In addition, dozens of the companies who seek permission from the Swedish Migration Board (Migrationsverket) to import foreign workers do so using very shaky grounds, an investigative report by the LO-Tidningen newspaper reveals.
The newspaper, which is affiliated with Sweden’s largest union group, reviewed many of the companies behind the roughly 15,000 work permits issued to foreign labourers by migration authorities between December 2008 and December 2009.
Their investigation revealed that roughly 100 companies offer employment deemed to be “very uncertain” for foreign workers, excluding companies focused on berry harvesting and processing.
Many of the companies reviewed by the newspaper reported having little or no turnover, and several reported having no employees, according to documents submitted to the Swedish Companies Registration Office (Bolagsverket).
One Malmö-based company examined by LO-Tidningen was founded in 2008 and reportedly involved in the book printing business, as well as the sales of household goods.
While the company reported no turnover in its first six months, migration authorities granted a 2-year work permit to man from Turkey to come to Sweden to work for the company.
Shortly thereafter, however, the company was forcibly liquidated by the Swedish Companies Registration Office after failing to submit a mandatory annual report to the agency and the current whereabouts of the company’s Turkish employee remain unknown.
The Migration Board claims that it lacks a mandate to perform thorough checks on the companies that submit applications to bring foreign workers to Sweden.
“The law doesn’t give us the space to say no simply because the company is new,” Alejandro Firpo, head of the Migration Board’s division for labour migration, told the LO-Tidningen, adding that the agency isn’t charged with keeping tabs on whether or not a company goes bankrupt.
“If a foreigner has an employment offer and fulfills other requirements – like having a valid passport, for example, not showing up in any crime registers and having a job offer in line with Swedish collective wage agreements – we’re going to approve it.”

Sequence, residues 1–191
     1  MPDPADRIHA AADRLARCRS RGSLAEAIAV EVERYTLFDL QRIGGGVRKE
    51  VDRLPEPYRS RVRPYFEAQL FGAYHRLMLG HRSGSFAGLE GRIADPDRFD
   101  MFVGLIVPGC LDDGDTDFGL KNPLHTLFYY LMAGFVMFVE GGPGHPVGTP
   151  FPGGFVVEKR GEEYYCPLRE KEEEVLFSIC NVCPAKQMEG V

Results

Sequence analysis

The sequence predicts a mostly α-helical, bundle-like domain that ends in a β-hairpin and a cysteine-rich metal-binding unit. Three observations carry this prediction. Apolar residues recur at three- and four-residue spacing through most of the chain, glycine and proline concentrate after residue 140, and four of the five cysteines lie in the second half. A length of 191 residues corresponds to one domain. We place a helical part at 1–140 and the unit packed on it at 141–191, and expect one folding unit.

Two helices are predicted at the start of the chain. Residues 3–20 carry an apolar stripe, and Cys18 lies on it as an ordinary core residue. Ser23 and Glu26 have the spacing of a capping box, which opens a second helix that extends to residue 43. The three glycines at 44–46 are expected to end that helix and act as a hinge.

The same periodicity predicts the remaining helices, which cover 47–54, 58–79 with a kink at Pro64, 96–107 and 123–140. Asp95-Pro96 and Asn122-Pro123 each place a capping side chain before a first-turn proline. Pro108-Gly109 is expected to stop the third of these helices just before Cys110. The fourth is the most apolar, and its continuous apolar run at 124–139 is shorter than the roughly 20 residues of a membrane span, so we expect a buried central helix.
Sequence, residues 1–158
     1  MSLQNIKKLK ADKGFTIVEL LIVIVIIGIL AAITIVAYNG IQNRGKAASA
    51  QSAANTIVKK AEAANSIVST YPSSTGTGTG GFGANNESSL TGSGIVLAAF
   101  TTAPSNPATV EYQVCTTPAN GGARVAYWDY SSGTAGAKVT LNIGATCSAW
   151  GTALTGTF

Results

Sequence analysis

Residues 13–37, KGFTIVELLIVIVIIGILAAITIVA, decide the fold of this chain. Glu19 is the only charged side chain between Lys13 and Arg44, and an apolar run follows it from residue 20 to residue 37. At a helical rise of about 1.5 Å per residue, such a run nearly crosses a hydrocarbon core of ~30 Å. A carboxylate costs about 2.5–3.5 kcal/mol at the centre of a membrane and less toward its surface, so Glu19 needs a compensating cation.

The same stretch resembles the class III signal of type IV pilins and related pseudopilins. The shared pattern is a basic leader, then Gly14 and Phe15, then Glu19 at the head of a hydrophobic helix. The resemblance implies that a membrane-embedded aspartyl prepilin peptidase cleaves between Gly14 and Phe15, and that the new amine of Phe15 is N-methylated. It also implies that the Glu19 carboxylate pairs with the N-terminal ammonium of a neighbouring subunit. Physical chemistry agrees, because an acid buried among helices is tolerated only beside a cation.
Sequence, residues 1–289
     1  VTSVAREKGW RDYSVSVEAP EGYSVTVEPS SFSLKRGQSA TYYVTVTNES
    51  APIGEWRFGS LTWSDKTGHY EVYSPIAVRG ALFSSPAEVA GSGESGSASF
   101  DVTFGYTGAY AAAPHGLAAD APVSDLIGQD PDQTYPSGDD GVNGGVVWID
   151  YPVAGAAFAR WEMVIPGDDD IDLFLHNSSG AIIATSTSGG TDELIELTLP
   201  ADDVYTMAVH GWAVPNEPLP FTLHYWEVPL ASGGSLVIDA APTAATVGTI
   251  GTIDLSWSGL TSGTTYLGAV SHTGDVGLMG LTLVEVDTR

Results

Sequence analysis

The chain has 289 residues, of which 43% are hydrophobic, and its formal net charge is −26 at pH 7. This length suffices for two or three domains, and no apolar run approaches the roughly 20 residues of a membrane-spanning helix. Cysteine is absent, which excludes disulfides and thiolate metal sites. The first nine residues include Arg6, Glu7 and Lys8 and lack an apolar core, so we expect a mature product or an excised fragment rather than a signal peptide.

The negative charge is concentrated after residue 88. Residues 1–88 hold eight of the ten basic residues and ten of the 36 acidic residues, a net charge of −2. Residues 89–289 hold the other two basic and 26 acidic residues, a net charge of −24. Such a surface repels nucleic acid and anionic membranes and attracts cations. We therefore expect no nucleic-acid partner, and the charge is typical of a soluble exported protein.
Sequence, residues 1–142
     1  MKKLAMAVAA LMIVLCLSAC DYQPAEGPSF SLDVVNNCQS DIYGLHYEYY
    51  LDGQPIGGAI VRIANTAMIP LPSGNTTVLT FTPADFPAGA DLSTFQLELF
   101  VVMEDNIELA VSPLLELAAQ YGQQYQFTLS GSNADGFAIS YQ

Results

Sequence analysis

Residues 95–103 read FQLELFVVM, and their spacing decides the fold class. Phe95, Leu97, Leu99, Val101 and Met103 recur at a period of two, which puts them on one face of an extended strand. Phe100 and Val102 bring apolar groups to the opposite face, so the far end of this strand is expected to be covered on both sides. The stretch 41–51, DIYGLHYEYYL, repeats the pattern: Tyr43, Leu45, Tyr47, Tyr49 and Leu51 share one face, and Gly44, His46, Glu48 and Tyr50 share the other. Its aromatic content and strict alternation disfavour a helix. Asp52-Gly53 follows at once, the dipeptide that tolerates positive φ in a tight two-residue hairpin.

In 2008, Sweden updated its labour migration laws, giving companies more leeway in determining whether or not they needed to recruit workers from abroad.
Previously, the Swedish Public Employment Service (Arbetsförmedlingen) made such determinations, which were then used by migration authorities as grounds for issuing work permits.
According to the law, the terms of employment must be equal to or better than those set out in Swedish collective bargaining agreements or what passes for standard practice in a particular industry.
But unions and Swedish border authorities have long expressed concerns that unscrupulous companies abuse the new rules and exploit foreign workers by threatening to withdraw their work permits if they don’t agree to work long hours under adverse conditions.
Speaking with the Dagens Nyheter (DN) newspaper in November, Ingemo Melin Olsson of the Stockholm border police argued that labour migration is the next major area of trafficking.
Shortly thereafter, Sweden’s migration minister Tobias Billström acknowledged that problems do exist, but nevertheless defended the new laws.
“Abusive employers have always existed and always will exist. It has nothing to do with the labour laws,” he said at the time.